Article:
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Why Gwyneth Paltrow Chose Juice Beauty To Power Goop’s New Skin-Care Line

The partnership came about just as you might expect: organically.

Oscar winner Gwyneth Paltrow is busy with a lot more than acting these days–she’s also a burgeoning businesswoman.

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In addition to penning cookbooks and co-owning a number of gyms with her personal trainer, Goop founder Paltrow is overseeing the creation of two product lines with California-based Juice Beauty, an organic skin-care and makeup company beloved by celebrities like Alicia Silverstone and Kate Hudson. Juice Beauty is helping to create Goop’s first private-label product, Goop by Juice Beauty, an organic skin-care line due out in March 2016. As part of the arrangement, Paltrow is also serving as Juice Beauty’s creative director for makeup, helping to design an organic makeup collection for the company called Juice Beauty Phyto-Pigments, which will be available in January 2016.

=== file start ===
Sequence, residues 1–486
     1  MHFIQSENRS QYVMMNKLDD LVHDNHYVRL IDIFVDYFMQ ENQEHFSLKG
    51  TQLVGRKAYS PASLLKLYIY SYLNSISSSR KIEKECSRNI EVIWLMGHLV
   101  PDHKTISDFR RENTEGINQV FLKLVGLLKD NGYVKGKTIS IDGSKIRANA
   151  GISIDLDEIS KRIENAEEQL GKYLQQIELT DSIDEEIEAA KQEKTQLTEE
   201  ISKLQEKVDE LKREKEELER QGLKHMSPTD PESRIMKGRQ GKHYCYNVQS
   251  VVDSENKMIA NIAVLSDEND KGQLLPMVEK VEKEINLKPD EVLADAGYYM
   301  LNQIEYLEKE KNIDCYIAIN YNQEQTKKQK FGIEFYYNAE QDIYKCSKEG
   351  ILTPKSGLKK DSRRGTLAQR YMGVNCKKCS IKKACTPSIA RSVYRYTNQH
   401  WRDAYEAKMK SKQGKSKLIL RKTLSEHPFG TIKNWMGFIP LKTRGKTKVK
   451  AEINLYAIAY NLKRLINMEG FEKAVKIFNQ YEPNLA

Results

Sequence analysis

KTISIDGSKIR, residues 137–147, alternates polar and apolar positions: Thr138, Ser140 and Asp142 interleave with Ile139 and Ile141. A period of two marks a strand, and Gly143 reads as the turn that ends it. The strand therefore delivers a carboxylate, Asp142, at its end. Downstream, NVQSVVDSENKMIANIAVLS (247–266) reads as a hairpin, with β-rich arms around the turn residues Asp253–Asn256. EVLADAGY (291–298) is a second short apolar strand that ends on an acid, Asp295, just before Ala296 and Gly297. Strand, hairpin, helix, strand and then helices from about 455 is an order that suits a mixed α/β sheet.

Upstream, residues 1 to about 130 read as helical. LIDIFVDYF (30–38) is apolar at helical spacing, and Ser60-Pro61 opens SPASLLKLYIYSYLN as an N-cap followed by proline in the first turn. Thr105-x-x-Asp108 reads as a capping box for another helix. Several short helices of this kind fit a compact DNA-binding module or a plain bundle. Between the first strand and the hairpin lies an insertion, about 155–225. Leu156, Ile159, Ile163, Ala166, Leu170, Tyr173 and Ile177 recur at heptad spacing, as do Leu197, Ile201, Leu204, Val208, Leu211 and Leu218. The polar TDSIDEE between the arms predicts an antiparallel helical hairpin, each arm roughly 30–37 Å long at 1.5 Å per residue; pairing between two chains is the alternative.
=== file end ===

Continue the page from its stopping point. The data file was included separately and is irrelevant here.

Juice Beauty founder and CEO Karen Behnke says she and Paltrow were attracted to each other, in part, because of their shared values. “I started thinking about how we could actually have an authentic relationship with a celebrity that would fit the authenticity of our company–we have 10 abiding eco values: try to source locally from the West Coast, et cetera,” says Behnke, who was introduced to Paltrow by Videolicious founder Amanda Eilian, an investor in both Goop and Juice Beauty.

After an initial meeting with Goop CEO Lisa Gersh, Behnke was invited to Paltrow’s home in Brentwood, California, where Paltrow served an organic chicken salad. “We talked about men and kids and just being a woman running a business and both being entrepreneurs–I think that was a big bond, female entrepreneurship,” Behnke says. “We shared the same lifestyle values. We want to have a fun life and take care of our kids and family–but we want to do it in the most organic, helpful, and, as Gwyneth would say, most nontoxic way possible.”

“We quickly came to how we could develop an entire makeup collection with certified-organic ingredients,” Behnke says. “Not one that is just sheer colors and things that don’t stay on really well, but actually real makeup with high-power, high-payoff pigments.”

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“[Juice Beauty has] been experimenting with makeup for four to five years now, and we were ready to bring on a celebrity,” Behnke adds.